After dinner, off to the freeway again! By the way, I’m not sure what East Coast people call freeways out here. Is it expressways? Anyway, we found ourselves wishing we were “home” already. You get sick of long drives after a while. I used to think an hour’s drive to Camarillo was a pain in the ass and barely worth it. Now, we consider a 4-hour drive to Vegas a piece of cake. It’s true what the phrase says, “it could be worse.” Instead of complaining that it’s taking you forever to get to Santa Monica, think of the fact you are not driving across Texas. That takes forever and a day.

At some point, it’s usually common sense to stop driving when you are yawning every other minute on the road. So, we found a Motel 6 somewhere in Connecticut and called it a day. It must have been past midnight.

Our last hotel/motel stop before Massachusetts!

“But, I’m a dork and wanted my SCOTUS swag!”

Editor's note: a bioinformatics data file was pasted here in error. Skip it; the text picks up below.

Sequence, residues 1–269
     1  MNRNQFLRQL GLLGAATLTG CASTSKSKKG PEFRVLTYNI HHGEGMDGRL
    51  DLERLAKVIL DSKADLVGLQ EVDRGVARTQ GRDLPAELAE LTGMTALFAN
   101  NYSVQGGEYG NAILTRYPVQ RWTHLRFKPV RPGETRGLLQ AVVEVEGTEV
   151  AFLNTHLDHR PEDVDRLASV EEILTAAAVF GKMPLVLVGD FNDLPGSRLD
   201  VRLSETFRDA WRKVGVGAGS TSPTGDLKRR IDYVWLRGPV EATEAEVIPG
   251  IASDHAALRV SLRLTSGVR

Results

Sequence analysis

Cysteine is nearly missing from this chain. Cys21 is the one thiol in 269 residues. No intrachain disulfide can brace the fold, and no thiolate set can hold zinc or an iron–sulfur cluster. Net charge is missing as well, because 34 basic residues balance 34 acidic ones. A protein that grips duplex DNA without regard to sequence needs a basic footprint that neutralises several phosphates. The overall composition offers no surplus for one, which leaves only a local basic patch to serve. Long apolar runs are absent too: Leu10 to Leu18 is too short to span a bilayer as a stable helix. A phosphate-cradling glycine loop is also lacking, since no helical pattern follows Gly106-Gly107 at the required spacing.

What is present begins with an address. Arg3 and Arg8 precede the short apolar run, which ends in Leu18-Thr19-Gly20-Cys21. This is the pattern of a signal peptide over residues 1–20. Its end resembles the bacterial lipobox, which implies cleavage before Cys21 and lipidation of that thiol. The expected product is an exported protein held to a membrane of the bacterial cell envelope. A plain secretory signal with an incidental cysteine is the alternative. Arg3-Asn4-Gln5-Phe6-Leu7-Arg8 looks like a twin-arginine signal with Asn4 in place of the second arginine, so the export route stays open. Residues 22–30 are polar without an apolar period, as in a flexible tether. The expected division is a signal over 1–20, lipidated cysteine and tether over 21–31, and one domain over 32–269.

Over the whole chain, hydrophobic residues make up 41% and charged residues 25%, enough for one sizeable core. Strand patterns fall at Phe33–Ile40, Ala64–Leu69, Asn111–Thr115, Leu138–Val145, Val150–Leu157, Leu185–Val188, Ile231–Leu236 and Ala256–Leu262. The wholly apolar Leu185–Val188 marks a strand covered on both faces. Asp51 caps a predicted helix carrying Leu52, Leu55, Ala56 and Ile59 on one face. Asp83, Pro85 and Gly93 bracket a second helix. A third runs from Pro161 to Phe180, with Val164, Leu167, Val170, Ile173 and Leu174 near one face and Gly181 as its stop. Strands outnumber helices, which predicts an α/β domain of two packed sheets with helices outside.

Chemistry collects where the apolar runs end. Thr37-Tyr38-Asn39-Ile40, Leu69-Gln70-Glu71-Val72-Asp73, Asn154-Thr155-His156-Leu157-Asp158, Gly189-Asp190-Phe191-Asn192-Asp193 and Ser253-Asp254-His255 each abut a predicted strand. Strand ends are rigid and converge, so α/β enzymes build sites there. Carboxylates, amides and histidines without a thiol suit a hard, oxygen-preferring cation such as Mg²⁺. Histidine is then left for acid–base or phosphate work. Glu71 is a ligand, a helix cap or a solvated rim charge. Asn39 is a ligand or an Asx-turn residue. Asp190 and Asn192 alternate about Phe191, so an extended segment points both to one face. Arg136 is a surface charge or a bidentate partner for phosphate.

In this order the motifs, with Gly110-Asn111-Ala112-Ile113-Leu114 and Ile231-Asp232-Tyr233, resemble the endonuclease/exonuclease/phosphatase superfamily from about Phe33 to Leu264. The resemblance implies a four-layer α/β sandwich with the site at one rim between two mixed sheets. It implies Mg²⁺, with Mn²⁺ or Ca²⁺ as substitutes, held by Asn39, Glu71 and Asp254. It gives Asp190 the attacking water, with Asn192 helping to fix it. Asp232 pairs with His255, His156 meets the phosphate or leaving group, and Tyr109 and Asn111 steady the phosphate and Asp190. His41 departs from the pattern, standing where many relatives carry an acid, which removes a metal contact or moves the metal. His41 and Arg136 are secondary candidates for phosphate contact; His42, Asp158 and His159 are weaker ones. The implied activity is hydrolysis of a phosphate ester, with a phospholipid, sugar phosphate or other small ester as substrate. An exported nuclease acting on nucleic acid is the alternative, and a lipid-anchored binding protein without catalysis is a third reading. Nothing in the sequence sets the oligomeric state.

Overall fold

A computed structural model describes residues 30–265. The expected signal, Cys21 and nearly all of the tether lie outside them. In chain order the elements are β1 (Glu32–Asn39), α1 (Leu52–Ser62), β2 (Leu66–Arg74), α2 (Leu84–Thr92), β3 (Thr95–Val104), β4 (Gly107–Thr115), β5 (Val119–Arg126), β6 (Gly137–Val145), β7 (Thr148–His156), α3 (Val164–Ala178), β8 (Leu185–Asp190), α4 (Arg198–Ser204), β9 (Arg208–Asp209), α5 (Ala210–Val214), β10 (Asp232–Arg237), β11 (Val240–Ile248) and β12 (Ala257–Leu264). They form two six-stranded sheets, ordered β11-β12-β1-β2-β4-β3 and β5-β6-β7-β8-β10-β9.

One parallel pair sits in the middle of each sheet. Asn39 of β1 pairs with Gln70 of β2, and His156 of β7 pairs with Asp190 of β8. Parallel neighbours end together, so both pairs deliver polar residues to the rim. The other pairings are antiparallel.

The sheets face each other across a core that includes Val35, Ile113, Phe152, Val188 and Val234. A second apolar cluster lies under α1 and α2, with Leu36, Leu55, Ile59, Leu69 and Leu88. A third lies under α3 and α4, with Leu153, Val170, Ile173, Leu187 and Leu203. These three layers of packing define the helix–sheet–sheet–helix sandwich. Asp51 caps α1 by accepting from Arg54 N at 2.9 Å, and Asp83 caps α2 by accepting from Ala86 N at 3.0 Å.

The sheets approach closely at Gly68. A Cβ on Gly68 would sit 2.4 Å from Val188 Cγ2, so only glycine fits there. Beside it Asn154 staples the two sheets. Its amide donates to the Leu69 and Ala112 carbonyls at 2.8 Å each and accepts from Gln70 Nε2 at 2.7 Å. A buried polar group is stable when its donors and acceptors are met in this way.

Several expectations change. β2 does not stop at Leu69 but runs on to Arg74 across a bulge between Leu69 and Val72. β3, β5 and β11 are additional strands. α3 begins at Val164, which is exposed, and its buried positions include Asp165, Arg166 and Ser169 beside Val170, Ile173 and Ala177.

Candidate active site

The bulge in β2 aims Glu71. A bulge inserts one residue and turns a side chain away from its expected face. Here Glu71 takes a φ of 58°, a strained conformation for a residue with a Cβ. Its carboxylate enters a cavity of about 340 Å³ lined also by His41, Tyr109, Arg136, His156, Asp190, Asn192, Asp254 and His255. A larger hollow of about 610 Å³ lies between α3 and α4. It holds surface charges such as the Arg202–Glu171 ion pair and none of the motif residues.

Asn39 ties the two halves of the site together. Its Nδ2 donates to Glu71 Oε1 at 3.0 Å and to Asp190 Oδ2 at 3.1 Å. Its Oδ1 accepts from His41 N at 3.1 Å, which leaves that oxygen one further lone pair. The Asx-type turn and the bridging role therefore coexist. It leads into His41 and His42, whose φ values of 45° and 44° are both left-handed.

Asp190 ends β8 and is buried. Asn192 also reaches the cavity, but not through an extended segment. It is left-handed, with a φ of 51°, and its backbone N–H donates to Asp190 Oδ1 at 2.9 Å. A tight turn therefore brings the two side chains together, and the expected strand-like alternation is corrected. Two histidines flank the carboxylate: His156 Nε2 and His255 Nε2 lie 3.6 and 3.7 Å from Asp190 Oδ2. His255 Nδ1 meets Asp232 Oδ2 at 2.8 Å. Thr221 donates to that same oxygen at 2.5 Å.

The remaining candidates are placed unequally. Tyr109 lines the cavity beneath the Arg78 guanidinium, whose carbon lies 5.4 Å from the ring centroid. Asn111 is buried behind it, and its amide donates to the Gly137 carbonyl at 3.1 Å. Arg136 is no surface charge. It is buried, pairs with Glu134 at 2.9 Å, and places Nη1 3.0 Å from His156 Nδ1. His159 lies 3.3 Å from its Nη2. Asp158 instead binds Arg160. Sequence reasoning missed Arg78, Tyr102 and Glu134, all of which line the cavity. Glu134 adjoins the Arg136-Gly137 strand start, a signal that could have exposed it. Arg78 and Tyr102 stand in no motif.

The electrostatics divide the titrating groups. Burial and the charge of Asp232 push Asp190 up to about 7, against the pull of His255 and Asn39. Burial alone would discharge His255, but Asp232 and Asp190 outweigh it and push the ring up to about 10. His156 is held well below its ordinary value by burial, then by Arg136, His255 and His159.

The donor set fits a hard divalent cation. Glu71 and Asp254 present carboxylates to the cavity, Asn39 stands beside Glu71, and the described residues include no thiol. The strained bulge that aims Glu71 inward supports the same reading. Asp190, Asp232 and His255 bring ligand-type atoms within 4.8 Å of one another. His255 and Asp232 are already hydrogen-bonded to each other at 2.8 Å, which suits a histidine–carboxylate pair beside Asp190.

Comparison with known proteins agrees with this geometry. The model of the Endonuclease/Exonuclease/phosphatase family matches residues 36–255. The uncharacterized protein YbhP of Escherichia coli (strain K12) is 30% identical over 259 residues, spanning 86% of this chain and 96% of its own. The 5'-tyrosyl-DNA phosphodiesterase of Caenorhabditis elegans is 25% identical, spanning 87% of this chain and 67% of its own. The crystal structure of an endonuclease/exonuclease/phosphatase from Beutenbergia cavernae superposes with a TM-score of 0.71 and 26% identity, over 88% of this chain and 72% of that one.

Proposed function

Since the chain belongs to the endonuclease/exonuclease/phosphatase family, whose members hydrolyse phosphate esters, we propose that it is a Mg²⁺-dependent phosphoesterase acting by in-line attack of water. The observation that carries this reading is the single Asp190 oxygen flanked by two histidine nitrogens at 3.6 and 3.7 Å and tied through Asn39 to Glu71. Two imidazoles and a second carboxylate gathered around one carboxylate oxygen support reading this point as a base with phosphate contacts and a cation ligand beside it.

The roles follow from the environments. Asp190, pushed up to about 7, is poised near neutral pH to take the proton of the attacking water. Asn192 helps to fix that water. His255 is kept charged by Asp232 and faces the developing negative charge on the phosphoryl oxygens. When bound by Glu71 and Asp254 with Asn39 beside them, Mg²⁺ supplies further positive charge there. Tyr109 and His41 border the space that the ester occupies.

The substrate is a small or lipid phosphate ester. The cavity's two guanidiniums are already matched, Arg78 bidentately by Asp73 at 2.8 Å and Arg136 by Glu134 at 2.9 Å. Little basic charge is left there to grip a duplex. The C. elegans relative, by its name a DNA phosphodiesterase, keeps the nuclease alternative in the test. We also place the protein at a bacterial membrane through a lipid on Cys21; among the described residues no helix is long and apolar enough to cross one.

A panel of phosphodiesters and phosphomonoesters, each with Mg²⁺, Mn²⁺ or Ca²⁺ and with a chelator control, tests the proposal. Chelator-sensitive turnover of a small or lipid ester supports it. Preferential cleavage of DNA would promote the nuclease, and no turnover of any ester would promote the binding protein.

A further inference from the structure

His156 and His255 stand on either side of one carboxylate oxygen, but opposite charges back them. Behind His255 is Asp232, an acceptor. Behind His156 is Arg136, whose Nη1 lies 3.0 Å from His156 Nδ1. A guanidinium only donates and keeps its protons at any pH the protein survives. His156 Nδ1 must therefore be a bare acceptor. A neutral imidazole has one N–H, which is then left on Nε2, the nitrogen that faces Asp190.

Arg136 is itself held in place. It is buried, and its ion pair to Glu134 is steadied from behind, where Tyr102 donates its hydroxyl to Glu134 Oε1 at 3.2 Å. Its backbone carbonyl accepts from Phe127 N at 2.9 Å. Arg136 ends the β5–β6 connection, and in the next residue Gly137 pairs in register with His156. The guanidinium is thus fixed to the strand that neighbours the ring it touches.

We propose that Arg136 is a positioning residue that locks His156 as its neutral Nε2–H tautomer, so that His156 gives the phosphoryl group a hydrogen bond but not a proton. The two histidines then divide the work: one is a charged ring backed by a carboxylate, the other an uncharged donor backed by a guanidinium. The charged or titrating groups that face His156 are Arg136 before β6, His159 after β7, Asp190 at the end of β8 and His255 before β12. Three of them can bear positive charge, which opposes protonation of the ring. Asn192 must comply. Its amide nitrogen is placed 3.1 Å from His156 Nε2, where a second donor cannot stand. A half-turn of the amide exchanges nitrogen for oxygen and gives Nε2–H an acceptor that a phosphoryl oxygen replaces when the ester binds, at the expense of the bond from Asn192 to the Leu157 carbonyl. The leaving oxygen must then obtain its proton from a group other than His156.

RAL was very kind to lend us his house for the night. In order to get there, though, we had to provide our California DLs and wait while they ran our numbers in the military system. We are definitely in the system now. No easy way to get off the grid now!

This morning, we woke up to traffic. If it wasn’t for all the lush greenery on the side of the road, I could have sworn we were back in L.A. SO MUCH TRAFFIC to get to DC. So, by the time we got to the city, it was lunch time. So, we had to eat where Bill Cosby eats for free: Ben’s Chili Bowl. The chili is a no-beans chili seasoned with a secret mix of Trinidad spices. But, I thought the chili was meh on its own. It really shines when paired with their half-smoke (a sausage, served like a hot dog). We ordered three chili half-smokes with everything on it (as in, with mustard and onions). I also ordered chili fries so I could isolate the chili by itself.